things to do in hiroshima

Things To Do In Hiroshima

Hiroshima city is the capital of Hiroshima Prefecture in Japan and was founded in 1598 as a castle town on the Ōta River delta.

If you’re familiar with Hiroshima, it’s most likely because you associate it with the atomic bombing of the city in 1945, which directly killed at least 70,000 people, including thousands of Korean slave laborers. 

Most of the city was destroyed during the bombing, and by the end of the year between 90,000 and 166,000 people had died as a result of the bomb and its knock-on effects.

Hiroshima has steadily rebuilt itself and today is a thriving modern city which offers a rich history and a myriad of tourist attractions.

In this article, we’ll be exploring the best things to do while you visit Hiroshima, from inspiring museums to scenic hikes and bustling local towns. 

The Hiroshima Peace Memorial

The Hiroshima Peace Memorial is one of the most iconic symbols of Hiroshima and is a must-see for every visitor. 

The site is part of the Hiroshima Peace Memorial Park and has been a UNESCO World Heritage Site since 1966, serving as a memorial to the many thousands of people who were killed by the atomic bomb on the 6 August 1945. 

hiroshima peace memorial

The memorial serves as a reminder of the destruction of nuclear weapons and war, and the site has been left untouched to represent this: the rubble and twisted metal have been left in the same state they were found in in the immediate aftermath of the bombing, and the surroundings have also been left the same.

You can also view the paper cranes made by children from all over Japan that are dedicated to peace and are a representation of Japan’s slow journey of healing and recovery. 

Peace Memorial Museum

If you want to further explore the pain and deeper consequences of the dropping of the atomic bomb on Hiroshima, the peace memorial museum provides the necessary context to illustrate the lasting implications of that fateful morning in August 1945. 

While none of us can ever fully understand the pain wrought by an atomic bombing, the museum is recommended as a way of better understanding the consequences of nuclear weapons and the effect the bombing had on Hiroshima and Japan as a whole. 

Peace Memorial Museum

It’s worth bearing in mind that this will be an intense experience that contains detailed accounts from the immediate aftermath, so it can be pretty upsetting but eye-opening.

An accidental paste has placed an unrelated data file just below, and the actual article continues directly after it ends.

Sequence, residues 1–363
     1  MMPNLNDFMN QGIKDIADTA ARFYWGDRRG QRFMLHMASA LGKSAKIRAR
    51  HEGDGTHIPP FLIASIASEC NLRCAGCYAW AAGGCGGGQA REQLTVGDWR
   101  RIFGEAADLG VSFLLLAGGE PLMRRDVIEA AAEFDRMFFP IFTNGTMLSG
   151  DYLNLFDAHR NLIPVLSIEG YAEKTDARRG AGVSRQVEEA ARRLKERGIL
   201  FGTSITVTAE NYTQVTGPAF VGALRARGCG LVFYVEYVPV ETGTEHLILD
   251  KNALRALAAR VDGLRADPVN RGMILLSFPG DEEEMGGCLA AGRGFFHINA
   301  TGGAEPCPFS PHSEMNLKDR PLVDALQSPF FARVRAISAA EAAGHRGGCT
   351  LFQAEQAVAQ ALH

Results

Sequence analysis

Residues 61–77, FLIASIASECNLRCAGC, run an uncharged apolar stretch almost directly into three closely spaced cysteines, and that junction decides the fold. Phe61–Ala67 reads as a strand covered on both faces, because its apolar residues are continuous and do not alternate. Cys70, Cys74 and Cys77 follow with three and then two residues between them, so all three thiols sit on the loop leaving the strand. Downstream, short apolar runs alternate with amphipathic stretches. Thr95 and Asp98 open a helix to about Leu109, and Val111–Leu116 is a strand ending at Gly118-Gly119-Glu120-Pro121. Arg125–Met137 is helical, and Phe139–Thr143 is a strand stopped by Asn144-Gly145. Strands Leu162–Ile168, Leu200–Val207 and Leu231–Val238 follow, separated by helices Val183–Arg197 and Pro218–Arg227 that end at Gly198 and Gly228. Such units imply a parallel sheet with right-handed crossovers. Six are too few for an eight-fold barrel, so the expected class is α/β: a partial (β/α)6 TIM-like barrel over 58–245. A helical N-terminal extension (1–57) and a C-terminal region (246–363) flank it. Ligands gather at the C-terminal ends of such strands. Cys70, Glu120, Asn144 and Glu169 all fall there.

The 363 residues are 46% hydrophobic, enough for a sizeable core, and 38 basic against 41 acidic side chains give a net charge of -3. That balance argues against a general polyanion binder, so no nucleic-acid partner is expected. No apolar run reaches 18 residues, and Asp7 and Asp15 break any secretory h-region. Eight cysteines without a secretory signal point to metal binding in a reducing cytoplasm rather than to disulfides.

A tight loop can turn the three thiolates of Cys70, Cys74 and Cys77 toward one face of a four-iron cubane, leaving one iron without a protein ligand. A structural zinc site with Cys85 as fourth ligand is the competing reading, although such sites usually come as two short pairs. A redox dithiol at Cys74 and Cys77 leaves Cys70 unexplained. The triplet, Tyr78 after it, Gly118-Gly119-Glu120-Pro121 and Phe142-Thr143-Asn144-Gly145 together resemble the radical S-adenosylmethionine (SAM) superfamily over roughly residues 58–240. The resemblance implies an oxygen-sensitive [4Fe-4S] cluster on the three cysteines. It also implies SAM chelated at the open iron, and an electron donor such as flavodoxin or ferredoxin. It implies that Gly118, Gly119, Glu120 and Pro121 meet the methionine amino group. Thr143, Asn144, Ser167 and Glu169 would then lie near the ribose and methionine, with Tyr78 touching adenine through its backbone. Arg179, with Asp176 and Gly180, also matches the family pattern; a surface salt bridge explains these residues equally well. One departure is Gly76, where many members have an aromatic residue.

It also provides an in-depth chronology of the events preceding and succeeding the bombing. 

The museum is open daily and costs 50 Yen for adults and is free for children. 

Hiroshima Castle

While the original construction was destroyed during the atomic blast in 1945, the construction that stands today is a very accurate and impressive imitation of the original 1589 Hiroshima Castle. 

Traditionally the castle was a centre for governance and the facade is a perfect example of traditional Japanese architecture. Inside the castle, you’ll find traditional Japanese artefacts and artwork from ancient times which further illustrate the country’s rich history. 

From the top you’ll find an awe-inspiring panoramic view of the skyline, while a walk in the castle grounds allows you to appreciate the picture-perfect flowers which bloom seasonally. 

You can also learn all about samurai culture in the castle’s museum, and watch the daily historical play enacted at the castle’s entrance.

The castle is open daily (but may close earlier in Winter), and tickets cost 370 Yen for adults and are free for children. 

Miyajima Island 

Miyajima island is a ten-minute boat ride from Miyajimaguchi, which you can reach via an hourly express passenger ferry from Hiroshima harbour.

Miyajima offers a wealth of exquisite Japanese architecture and ancient culture, as well as beautifully-preserved Buddhist temples.

Stroll through the rich, green forests which are even more breath-taking in the fall, or take in the views of Hiroshima’s annual Water Fireworks which take place every August - which is pretty breath-taking set against the backdrop of the floating Itsukushima shrine. 

The Itsukushima Shrine (which we’ll cover later on) is believed by locals to be the place where God dwells, giving the island a mystical and unique feel to it. 

This is further enhanced by the magnificent sunrises and sunsets experienced from the island, which provide the perfect landscape for a romantic getaway. 

Itsukushima Shrine